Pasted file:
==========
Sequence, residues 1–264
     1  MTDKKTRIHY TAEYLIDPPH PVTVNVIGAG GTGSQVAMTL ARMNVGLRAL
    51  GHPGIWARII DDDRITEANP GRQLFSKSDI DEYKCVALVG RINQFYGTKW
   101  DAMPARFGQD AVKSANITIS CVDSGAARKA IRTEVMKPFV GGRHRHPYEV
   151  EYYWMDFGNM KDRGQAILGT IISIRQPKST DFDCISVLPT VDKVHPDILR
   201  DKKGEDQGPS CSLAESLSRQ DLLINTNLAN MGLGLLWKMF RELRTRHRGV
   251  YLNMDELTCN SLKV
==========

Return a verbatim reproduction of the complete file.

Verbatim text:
Sequence, residues 1–264
     1  MTDKKTRIHY TAEYLIDPPH PVTVNVIGAG GTGSQVAMTL ARMNVGLRAL
    51  GHPGIWARII DDDRITEANP GRQLFSKSDI DEYKCVALVG RINQFYGTKW
   101  DAMPARFGQD AVKSANITIS CVDSGAARKA IRTEVMKPFV GGRHRHPYEV
   151  EYYWMDFGNM KDRGQAILGT IISIRQPKST DFDCISVLPT VDKVHPDILR
   201  DKKGEDQGPS CSLAESLSRQ DLLINTNLAN MGLGLLWKMF RELRTRHRGV
   251  YLNMDELTCN SLKV